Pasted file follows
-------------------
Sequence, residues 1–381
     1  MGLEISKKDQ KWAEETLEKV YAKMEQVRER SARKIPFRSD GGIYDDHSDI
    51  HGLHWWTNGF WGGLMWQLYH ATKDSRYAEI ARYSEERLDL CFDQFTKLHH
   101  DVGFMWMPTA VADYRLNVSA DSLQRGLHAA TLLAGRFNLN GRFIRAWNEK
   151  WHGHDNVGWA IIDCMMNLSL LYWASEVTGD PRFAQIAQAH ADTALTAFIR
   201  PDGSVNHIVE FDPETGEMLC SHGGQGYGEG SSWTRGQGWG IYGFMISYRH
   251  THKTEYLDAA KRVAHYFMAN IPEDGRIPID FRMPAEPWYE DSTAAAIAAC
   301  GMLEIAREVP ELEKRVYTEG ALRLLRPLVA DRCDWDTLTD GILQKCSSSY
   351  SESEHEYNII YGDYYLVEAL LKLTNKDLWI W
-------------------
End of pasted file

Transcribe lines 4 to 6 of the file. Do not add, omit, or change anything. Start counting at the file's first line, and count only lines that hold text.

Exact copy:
   101  DVGFMWMPTA VADYRLNVSA DSLQRGLHAA TLLAGRFNLN GRFIRAWNEK
   151  WHGHDNVGWA IIDCMMNLSL LYWASEVTGD PRFAQIAQAH ADTALTAFIR
   201  PDGSVNHIVE FDPETGEMLC SHGGQGYGEG SSWTRGQGWG IYGFMISYRH